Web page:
Ross said she doesn’t blame Lacy for the injury.

    “She did give me the last pass, and I was going to convert it to an assist, but the ACL got in the way of that,” Ross said. “It wasn’t her fault, but I don’t really know what to say about that. I had even forgotten she gave me the pass.”

    Sophomore forward Jenna Lohse, Ross’ teammate and best friend, said that emotionally she felt all the pain Ross felt.

    “Adrianne’s my best friend, and I know how much she loves the game, and she was playing so awesome before she went down,” Lohse recalls. “I just got tears in my eyes when I saw her go down. It broke my heart.”

    Lohse probably was not the only one on the court who wanted to cry. Schau said the injury comes with a lot of pain.

    “Approximately 75 percent of patients say they hear a popping sound or feel a tearing sensation at the time of injury,” Schau said. “The injury is frequently associated with significant pain, which may cause the patient to fall or the knee to collapse due to a buckling sensation.”

    Ross said she doesn’t really know how to fully explain the initial pain when she went down, but said it was something she had never experienced before.

    “It was excruciating,” Ross said. “It was such a freaky type of pain because it was so overwhelming, and then it was gone in like 15 seconds.”

    Lohse said she remembered Ross’ days of depression from the injury.

    “Sometimes she just broke down because she was in so much pain,” Lohse said. “She didn’t know if she was going to recover. Our teammate Marissa helped her a lot.”

    Marissa Rivera is a freshman who was also redshirted because she tore her ACL about a month prior to Ross.

    “Marissa was the main person helping me,” Ross said. “She wasn’t traveling because she had surgery a month before me, and she knew exactly what I was going through. Watching her go through her rehab kind of scared of me, but her being strong helped me so much.”

    Whole once again

    Now that Ross is back from the injury she said the time she spent away from playing on the court was invaluable.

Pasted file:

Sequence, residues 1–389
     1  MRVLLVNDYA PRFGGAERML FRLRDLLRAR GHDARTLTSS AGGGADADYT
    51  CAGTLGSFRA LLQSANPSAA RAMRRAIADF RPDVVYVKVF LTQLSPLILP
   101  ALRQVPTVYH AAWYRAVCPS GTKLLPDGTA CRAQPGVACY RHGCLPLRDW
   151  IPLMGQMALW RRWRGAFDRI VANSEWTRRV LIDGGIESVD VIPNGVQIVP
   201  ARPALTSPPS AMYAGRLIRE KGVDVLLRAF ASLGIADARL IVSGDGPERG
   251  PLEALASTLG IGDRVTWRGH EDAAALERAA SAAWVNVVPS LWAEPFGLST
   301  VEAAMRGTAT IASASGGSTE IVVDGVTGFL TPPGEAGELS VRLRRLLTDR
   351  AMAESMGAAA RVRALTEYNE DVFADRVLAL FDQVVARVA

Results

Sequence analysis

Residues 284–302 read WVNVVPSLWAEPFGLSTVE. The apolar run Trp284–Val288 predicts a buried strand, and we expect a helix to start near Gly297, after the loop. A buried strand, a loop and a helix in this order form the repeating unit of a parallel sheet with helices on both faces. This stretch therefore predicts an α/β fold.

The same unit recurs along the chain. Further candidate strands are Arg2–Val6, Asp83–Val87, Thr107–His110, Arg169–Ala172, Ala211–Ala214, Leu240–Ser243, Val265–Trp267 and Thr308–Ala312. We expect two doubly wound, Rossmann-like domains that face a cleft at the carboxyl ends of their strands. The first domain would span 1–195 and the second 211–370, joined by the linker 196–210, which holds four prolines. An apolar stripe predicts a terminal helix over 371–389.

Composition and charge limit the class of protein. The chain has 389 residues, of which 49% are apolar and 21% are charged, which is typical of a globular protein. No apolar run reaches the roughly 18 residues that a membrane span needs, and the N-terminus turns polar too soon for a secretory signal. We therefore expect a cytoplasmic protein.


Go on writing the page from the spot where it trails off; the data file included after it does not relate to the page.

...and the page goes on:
“I took a lot of little things for granted before the injury,” Ross said. “I was able to sit and watch practices, and I was upset because I took running a line as hard as I can for granted and just little cuts that I could do. When you can’t work at all, it just makes you want to work harder.”

    Women’s basketball head coach Jeff Mittie said he learned a lot as well during Ross’ time away from the court.

    “As a team, it made us deeper in the back court,” Mittie said. “About Adrianne, it showed me how she has absolutely no fear. She just stuck to the rehab and never really doubted herself.”

    Ross also thinks the extra year she gets because of the injury will help her out in the long run.

    “When I get to my fifth year, I should be ahead of a lot of people in their fourth year,” Ross said. “Although it will only be my fourth on the court, I have been working out and watching film the entire time.”

    Ross said that although when driving to the basket she still tends to be a little hesitant, she knows it’s a process and is confident about her progress.

    “Mentally I am the same player, but physically I think I hold back a little,” Ross said. “Every day when I do a move I think, ‘Wow, I wouldn’t have done that like two weeks after my release date.’ I definitely see the progress coming about.”

    Ross said she is looking forward to her complete health more than anything else.

    “Hopefully next season I’ll be back to my old form for sure,” Ross said. “I’m working really hard right now to get out of this brace.